Louise first introduced herself as a textile artist and she doesn’t class herself as a printmaker.
She talked us through the process which we would be going through on this one day workshop. Today is all about getting the fabric printed with a design that then can be embellished, appliqued, or embroidered to our own unique style to produce an item that can either be used for fashion, accessories or fine art.
She uses a singular lino block with one colourway print or on a rare occasion a multiblock print of more than one colour combination .
When choosing a design Louise advised that not too much detail is the key to being able to add future applique, embellishments etc, so that we are not constricted by fine detail on the fabric or which would be lost if we were to cover up inadvertently e.g. less area for further enhancements with thread, appliqued fabrics etc.
We measured out a design roughly 6 inch square or similar area in a rectangle as this would be a suitable amount to carve and print in the time available.
We then proceeded to carve out the design which was fairly successful on the softcut lino Louise provided – (softer and easier to carve than traditional lino) before making sure that any lines were not too finely carved together as when you print onto fabric sometimes the ink can be transferred to the carved out lines if not thick enough and therefore losing the detail of the print.
Once carving was complete after lunch Louise advised about suitable fabrics to print upon.
Closely woven fabrics would take the print well but you need to remember that it is sometimes harder to put a needle through a tightly woven fabric and the addition of printed ink on top of the fabric can make sewing harder still. So a smooth finished fabric such as linen with a looser weave would be ideal or similar cotton fabrics.
With regards to which ink to use for printing our fabric it really depended upon whether we would be intending to wash the item after completed. Louise brought 2 different fabric block printing inks with her, a watercolour one which is light fast and suitable for fine art pieces which do not require washing (in fact if you were to wash would be ruined as the ink would be removed) or a Speedball fabric ink which was oil based, which takes longer to dry and needs fixing with an iron (and a piece of parchment paper to protect the iron) but once fixed can be safely washed so is suitable for fashion items.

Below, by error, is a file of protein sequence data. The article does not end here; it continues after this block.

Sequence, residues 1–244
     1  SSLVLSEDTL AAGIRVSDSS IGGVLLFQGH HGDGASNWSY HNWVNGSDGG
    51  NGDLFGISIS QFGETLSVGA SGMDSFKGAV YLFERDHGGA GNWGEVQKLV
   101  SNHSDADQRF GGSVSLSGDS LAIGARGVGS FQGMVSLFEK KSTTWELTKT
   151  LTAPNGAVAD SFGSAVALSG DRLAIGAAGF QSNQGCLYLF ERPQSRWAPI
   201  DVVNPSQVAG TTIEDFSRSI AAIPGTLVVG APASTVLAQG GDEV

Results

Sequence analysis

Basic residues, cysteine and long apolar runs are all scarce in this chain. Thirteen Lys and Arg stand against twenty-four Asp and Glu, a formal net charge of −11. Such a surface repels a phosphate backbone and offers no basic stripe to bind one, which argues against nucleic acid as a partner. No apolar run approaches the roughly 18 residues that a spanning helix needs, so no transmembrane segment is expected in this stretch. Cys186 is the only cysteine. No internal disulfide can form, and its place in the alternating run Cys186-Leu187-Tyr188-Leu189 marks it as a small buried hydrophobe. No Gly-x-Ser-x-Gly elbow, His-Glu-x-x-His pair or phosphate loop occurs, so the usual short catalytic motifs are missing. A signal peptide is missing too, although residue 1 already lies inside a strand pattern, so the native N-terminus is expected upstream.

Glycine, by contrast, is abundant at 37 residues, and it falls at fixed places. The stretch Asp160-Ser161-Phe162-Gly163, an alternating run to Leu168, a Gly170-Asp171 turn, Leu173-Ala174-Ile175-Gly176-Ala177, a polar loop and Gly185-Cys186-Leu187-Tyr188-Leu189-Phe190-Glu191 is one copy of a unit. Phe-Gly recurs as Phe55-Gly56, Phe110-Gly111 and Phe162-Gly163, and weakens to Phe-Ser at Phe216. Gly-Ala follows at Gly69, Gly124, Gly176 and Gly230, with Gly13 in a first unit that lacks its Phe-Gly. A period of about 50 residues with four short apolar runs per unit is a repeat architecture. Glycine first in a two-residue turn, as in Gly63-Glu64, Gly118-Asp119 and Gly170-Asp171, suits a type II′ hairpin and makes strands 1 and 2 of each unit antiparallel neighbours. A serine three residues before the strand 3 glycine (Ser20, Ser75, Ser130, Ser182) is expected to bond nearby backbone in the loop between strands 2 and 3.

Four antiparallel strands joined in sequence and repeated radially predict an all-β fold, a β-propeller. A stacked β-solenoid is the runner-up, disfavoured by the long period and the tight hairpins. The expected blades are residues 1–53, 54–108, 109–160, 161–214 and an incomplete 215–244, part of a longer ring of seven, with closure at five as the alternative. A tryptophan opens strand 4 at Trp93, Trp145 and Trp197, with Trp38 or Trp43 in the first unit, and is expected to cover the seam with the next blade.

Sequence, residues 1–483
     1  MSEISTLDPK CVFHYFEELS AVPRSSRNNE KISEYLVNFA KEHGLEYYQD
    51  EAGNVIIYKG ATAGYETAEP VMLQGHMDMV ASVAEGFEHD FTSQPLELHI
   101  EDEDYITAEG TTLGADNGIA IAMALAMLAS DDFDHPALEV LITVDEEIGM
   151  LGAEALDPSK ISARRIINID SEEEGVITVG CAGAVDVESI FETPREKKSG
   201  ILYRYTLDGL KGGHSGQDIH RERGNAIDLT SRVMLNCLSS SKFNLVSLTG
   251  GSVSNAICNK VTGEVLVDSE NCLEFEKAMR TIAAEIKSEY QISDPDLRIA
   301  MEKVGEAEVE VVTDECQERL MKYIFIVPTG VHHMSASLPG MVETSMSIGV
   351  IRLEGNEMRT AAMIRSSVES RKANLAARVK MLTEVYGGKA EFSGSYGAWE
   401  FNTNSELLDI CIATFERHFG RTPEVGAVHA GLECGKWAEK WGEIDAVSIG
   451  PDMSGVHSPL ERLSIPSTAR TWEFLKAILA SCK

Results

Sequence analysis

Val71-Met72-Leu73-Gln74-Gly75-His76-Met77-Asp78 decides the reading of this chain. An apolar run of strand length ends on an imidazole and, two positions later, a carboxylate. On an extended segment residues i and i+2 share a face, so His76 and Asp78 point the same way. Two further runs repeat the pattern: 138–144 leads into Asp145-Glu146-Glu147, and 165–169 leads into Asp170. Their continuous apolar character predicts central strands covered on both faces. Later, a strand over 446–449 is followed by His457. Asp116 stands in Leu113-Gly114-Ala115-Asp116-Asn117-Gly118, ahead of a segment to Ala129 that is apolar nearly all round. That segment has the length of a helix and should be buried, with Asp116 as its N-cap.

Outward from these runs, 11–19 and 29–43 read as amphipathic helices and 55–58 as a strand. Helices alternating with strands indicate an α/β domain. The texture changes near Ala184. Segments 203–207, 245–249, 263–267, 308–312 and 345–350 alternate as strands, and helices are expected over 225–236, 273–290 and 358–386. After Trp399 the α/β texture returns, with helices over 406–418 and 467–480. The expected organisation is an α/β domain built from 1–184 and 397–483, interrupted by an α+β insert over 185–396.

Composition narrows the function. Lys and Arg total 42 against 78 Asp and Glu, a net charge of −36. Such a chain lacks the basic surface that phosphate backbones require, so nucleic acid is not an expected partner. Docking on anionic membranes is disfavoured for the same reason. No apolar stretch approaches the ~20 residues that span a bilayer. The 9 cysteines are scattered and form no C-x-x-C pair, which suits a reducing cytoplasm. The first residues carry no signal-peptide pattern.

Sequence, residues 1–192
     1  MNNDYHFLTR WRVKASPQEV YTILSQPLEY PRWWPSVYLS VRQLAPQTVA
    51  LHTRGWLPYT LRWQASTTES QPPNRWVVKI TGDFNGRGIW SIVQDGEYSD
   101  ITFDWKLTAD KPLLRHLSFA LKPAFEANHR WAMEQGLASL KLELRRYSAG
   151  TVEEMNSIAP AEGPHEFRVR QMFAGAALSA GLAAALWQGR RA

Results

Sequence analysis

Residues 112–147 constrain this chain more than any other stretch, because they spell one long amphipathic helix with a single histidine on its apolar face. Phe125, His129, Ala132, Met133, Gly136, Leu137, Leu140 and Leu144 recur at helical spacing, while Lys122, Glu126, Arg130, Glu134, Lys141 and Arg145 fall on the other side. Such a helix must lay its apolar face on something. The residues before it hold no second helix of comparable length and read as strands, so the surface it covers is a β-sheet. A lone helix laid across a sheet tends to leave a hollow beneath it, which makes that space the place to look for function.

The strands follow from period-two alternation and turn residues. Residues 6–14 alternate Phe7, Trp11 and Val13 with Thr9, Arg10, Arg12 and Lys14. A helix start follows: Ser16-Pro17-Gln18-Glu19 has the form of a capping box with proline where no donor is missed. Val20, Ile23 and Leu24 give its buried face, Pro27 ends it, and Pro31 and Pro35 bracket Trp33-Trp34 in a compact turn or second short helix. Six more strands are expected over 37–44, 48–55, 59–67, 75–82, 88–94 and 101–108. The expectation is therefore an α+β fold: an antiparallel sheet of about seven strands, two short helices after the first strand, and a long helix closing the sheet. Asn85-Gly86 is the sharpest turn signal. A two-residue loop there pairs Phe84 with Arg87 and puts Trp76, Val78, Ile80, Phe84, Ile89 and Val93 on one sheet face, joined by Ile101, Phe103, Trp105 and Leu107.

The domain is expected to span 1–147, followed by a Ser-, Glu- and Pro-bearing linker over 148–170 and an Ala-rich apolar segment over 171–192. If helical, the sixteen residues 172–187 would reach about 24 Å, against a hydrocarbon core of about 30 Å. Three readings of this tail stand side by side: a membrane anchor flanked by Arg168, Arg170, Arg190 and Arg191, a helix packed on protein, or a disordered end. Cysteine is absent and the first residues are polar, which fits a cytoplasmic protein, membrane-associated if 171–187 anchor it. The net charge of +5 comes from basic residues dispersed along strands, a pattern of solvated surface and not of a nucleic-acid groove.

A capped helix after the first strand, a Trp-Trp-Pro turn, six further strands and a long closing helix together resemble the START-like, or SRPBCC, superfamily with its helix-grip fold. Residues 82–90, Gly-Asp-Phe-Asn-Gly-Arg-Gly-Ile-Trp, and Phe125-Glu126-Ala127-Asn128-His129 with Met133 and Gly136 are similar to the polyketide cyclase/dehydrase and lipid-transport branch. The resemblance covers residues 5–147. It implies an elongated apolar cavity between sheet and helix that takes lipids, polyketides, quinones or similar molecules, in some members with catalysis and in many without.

We spent the rest of the afternoon experimenting with the different inks in a variety of colour ways on a selection of fabrics.
Louise then advised that to finish off the item , you would back the item with either a lightweight fusible interfacing or a bondaweb sheet and depending upon your use, a lightweight wadding etc before embroidering or appliqueing the item. Below is a selection of members' work.
Report and photos by Claire T.
Thank you Claire, Ros
Louise Nichols’ talk this month was entitled “From Graduation to a career as a Textile Artist". As a child she always enjoyed drawing and sketching so when the time came, Louise went to De Montfort University in Leicester to follow a Fashion and Textile degree specialising in surface design. After graduating Louise went to work for an Upholstery designer, Jennifer Sanderson creating fabric and wallpaper designs. Following that she worked for William Love who was an agent for stationery and Simon Elvin (Greetings cards) was a client. Louise showed us a wonderful selection of Christmas cards, wrapping papers and gift bags she had made for sale in Superdrug, Oxfam and Clinton Cards.
Louise started making her own cards and a range of handmade wedding stationery but when she returned after a break when her children were little, she found that technology had moved on giving her too much competition and so she made basic pictures and stitched gifts. When she moved to Cornwall Louise started going to Craft Fairs and creating projects for SEW magazine. Initially the editor would give a sewing brief and source the material but as time went on, a regular production line of items was needed so it was time for a change. Louise enrolled on a printing course run by Sophie Fordham and started to use hessian backed lino to print simple basic images on fabric. As she kept the copyright for the projects she was able to start her own workshops and now has kits and items for sale in 17 galleries around the UK.
Thank you Louise for a most enjoyable talk and if you would like to purchase one of her kits or to find out more about her workshops visit her website at : https://louisenichols.com/
Report and photos by Ros
Information in this blog is provided by branch members who have attended the meeting, workshop or event.
Marlborough & District Branch is a member of the Embroiderers' Guild, the UK's leading crafts association
* The Embroiderers' Guild website -https://embroiderersguild.com/
* The Guild Facebook page - https://www.facebook.com/embroiderersguild/
* The Guild Pinterest pages - https://uk.pinterest.com/theembroiderers/
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